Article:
When I’m out, I feel the way my body rubs against my clothes. I feel a wave of anxiety every time I go to the ‘ladies’ bathroom or when the cashier refers to me as ‘young lady.’

When I’m at college I can’t help but cringe every time a classmate greets me with ‘hey, girl’. Every time I hear my name in the register, every time I’m referred to as ‘she’ by tutors I feel a sudden sense of internal confusion. 

I am endlessly putting on a show. Every day, every conversation I have, every time I think I’m being watched. I’m constantly studying the situation, grasping for clues of what behavior is expected of me to try to fit in. I keep feeding society the ‘lesbian’ they want to see. I’m not doing it because I want to. I’m doing it to avoid that awkward silence. To avoid that mockery and humiliation. This has led to a deeply ingrained sense that I can never be myself around other people. And so my life is an endless and exhausting acting job. 

The problem is, the act never stops. There is a distance between me and everyone in my life. Friends, parents, siblings. No one knows the person behind the act. Not truly. If anyone gets too close they might see behind the curtain…they might see the inner me, the cause of awkward silences, stares and mockery. So no matter how many relationships I have, they are not with me but with the character I play, the person in the mirror. This leaves me intensely lonely. 

I don’t hide in the closet because I want to, no one does. I hide because I’m so scared of being found out. I’m hiding the whole sense of who I am- my real personality, opinions and thoughts. Hiding that makes me hate that person even more. It makes me feel like my true self is terrible and unworthy.

Anon, 17, Herts                                                                             Youth Connexions Hertfordshire

 

Rainbows and music, stickers and face paints …

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Hertfordshire Pride wasn’t too long ago, and I still can’t get the rainbows, music and amazing stalls out of my head! This blog post is dedicated to those who didn’t go.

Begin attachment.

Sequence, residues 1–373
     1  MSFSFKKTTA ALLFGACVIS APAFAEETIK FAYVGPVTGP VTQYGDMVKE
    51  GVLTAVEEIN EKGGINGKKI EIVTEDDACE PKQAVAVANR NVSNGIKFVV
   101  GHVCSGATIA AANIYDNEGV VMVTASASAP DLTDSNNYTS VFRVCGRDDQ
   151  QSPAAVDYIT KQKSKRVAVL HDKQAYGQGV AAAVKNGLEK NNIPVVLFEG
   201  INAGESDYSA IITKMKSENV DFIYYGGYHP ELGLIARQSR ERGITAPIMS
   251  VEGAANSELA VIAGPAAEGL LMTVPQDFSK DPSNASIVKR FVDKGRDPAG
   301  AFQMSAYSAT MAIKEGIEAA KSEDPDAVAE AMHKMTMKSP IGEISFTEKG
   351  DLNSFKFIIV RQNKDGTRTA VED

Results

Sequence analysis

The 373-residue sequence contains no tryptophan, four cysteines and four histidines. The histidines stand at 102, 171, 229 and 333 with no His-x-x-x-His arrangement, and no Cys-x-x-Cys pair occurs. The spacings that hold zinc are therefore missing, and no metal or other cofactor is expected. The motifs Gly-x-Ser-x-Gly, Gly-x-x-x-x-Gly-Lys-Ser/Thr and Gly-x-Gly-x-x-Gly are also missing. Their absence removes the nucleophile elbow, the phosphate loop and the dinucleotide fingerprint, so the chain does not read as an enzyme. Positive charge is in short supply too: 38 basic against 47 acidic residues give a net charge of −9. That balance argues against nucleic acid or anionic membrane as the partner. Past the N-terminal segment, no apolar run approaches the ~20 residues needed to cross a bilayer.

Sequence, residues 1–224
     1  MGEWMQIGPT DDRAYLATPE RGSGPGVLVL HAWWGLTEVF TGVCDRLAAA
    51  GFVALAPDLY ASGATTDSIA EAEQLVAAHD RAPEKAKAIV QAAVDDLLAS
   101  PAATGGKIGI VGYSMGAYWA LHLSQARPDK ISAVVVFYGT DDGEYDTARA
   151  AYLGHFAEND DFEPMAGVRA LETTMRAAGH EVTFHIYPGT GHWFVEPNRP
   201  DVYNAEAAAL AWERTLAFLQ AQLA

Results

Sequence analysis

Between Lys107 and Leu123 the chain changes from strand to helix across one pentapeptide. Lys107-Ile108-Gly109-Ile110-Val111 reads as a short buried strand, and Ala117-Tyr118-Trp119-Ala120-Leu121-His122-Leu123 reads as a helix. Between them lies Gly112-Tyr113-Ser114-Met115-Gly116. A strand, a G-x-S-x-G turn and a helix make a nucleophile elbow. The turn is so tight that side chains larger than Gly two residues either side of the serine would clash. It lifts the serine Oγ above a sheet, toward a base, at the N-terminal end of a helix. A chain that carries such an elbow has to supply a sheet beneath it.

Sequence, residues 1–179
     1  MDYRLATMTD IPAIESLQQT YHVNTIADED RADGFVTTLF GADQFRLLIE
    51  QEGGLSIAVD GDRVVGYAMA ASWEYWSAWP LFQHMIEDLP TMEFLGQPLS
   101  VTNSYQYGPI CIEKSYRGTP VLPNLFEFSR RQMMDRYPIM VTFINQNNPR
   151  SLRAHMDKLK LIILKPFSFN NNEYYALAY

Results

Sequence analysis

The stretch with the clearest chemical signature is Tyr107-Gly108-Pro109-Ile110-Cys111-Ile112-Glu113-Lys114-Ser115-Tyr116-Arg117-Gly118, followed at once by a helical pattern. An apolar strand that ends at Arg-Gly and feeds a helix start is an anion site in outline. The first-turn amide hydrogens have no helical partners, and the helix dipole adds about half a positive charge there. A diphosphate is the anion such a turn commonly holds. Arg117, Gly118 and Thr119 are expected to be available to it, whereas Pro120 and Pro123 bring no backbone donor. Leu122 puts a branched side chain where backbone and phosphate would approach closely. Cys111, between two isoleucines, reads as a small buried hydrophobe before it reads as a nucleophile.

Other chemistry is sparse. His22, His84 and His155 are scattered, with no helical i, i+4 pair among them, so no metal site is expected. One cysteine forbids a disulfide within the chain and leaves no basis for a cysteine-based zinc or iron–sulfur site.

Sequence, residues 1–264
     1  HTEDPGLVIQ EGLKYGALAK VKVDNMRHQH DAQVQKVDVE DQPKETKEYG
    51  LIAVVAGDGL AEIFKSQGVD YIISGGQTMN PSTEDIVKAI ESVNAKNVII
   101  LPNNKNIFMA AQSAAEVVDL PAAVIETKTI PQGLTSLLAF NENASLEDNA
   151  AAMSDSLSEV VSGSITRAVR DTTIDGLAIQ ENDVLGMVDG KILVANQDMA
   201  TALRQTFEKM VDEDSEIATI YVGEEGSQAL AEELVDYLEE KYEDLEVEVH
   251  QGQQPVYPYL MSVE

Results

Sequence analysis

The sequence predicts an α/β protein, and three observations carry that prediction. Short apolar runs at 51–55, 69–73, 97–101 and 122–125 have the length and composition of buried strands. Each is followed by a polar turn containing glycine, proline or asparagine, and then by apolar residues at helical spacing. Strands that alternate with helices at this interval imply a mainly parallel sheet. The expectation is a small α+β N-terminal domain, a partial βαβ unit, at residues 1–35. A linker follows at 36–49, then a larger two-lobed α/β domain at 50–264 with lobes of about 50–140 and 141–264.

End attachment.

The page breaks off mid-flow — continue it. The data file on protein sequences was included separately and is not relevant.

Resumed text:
Walking into the tent of stalls was incredible.  Left and right were people working busily at their charity stall, setting up posters, hand outs and stickers. I didn’t know there was so many LGBT+ dedicated charities. I was helping at the Youth Connexions stall and we had so many stickers, badges etc. I brought my own face paints- why not! 

10am struck and people began piling through the door. It was so wonderful to be able to see such diversity! It was so easy to talk to everyone as we all had something in common. Anyway, it turns out bringing face paints was a good idea as everyone wanted it done! I spent most of my morning just applying rainbow face paint.

Later on I went outside to see the outside stalls. There was a large tent on the far side of the field full of people dancing and a stage for singers. There was also some carnival rides to the other corner of the field playing loud music too. Scattered around were little desks with people behind them, advertising stuff like Healthwatch Hertfordshire (by the way, I won a free portable phone charger from them somehow) and stalls selling shirts and food.